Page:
The work shown here was Mathematica-assisted.  In equation (4) we first drop ##g## and substitute reduced lengths ##\lambda=L/a,~\eta=h/a##. Then expand the equation for small values of ##\epsilon = z\pm \lambda/2## to second order.  Each expansion yielded a quadratic expression ##A\epsilon^2+B\epsilon+C.##  Setting the derivative equal to zero and solving for ##\epsilon## gives ##\epsilon=\frac{-B}{2A}##.  Omitting the gory details, the corrections for the minimum on the left and the maximum on the right are:

\begin{align} & \epsilon_{\text{min}} =\frac{2 \eta \left(\lambda ^2+1\right) \left[\left(\lambda ^2+1\right)^{5/2}-\left(6 \eta \lambda +\lambda ^2+1\right)\right]}{\left(12 \eta ^2+1\right) \left(\lambda ^2+1\right)^{7/2}+12 \eta ^2 \left(4 \lambda ^2-1\right)+12 \eta \lambda \left(\lambda ^2+1\right)-\left(\lambda ^2+1\right)^2}\nonumber \\ & \epsilon_{\text{max}} =\frac{ 2 \left(\lambda ^2+1\right) (\eta +\lambda ) \left[6 \eta \lambda +\left(\lambda ^2+1\right)^{5/2}+5 \lambda ^2-1\right]} {12 \eta ^2 \left(4 \lambda ^2-1\right)+12 \eta \lambda\left(7 \lambda ^2-3\right) +\left(\lambda ^2+1\right) \left[12 \left(\lambda ^2+1\right)^{5/2} (\eta +\lambda )^2+1\right]+\left(35 \lambda ^4-26 \lambda ^2-1\right)}\nonumber \end{align}Figure 3 shows a detail of figure 2 in the vicinity of the maximum.  The vertical line is at the corrected value of ##z/a##.  The zeroth order term of the expansion is to its left at ##z/a=5.00##.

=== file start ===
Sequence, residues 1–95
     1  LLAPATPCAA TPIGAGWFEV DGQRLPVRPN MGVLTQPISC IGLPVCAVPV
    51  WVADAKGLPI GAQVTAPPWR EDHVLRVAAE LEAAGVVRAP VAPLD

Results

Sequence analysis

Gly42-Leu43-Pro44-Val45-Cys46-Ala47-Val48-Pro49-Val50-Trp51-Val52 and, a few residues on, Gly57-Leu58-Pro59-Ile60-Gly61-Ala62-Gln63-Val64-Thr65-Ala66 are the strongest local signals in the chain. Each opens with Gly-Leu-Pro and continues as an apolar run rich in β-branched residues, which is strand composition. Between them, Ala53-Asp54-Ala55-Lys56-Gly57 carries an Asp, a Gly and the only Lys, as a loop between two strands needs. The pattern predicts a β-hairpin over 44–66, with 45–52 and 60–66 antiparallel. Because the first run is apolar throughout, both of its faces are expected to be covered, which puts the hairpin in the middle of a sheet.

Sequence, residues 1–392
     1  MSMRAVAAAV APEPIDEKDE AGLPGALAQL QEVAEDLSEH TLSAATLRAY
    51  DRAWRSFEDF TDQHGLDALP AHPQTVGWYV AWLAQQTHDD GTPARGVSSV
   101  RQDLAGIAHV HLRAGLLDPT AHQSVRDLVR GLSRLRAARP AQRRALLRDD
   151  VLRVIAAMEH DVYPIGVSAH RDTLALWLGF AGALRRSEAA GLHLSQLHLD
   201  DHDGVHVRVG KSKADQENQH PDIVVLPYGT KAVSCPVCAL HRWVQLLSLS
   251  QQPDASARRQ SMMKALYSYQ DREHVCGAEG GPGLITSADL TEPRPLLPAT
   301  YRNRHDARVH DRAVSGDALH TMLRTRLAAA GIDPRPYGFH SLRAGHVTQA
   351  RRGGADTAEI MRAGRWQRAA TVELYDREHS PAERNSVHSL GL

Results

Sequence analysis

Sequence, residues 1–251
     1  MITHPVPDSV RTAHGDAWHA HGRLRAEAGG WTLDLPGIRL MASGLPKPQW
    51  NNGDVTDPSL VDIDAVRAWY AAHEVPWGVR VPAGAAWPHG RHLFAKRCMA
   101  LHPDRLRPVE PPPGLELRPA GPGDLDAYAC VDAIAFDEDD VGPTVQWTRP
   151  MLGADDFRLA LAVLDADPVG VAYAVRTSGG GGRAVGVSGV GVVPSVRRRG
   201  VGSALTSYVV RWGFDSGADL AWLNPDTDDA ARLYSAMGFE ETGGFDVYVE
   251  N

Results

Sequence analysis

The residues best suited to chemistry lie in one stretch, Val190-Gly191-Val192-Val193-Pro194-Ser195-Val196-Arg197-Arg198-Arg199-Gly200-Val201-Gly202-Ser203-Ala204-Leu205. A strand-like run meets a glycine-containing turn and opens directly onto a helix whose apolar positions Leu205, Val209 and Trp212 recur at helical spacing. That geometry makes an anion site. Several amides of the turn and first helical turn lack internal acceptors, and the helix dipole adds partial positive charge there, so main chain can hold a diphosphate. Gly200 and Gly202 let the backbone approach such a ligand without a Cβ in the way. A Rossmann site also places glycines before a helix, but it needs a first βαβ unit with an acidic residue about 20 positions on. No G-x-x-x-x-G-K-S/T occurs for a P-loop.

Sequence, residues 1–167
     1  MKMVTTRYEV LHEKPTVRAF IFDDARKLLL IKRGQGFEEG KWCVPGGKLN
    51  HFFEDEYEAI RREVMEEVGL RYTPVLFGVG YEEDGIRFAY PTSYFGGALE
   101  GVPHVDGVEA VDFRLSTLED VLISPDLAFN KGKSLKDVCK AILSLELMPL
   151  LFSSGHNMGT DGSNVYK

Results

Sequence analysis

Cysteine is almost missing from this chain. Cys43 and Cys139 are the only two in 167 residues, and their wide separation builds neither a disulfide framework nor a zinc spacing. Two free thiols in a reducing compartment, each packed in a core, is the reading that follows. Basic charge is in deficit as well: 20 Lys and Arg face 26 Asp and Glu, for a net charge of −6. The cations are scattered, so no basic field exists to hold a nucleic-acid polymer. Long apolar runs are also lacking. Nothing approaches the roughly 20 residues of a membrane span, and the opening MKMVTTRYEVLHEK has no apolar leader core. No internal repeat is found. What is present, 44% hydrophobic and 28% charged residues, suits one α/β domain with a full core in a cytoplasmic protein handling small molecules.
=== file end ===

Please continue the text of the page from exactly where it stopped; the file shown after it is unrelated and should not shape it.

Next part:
Figure 3. Detail of the correction to the zeroth order term.

11 replies
1. Hornbein says:
I don’t watch any narrative fiction. I edit other people’s videos to my own satisfaction instead. This morning I paired a vid of Koreans making steel out of scrap metal with the heavy metal song Loving You Is A Dirty Job.
2. vanhees71 says:
But you can make your Insight easily complete by using your point-dipole model by calculating the equation of motion for that point dipole, falling through the pipe. See the quoted papers above.
3. kuruman says:
He is using a different model for the magnet, i.e., a cylinder of homogeneous magnetization, which has been demonstrated to be a quantitatively better model for the experiment with a real bar magnet than the dipole approximation:

https://doi.org/10.1119/1.4864278

Yes, I agree that the permanently magnetized disk model produces a better quantitative model if one has the data on one hand and the sophisticated analysis on the other. Like I said, the point dipole as a model is as useful and as accurate as the point mass is in mechanics.

My goal with these articles is modest: to show, at the intermediate undergraduate level, that the point dipole model goes a long way towards understanding what is physically going on with a magnet falling through a solenoid and a pipe. It’s not perfect, but it does a descent job and any refinements to the model for a magnet are not going to change the basic features of the point dipole model. A secondary goal is to gather these ideas all in one place as an easily accessible reference for PF users who have questions related to this material.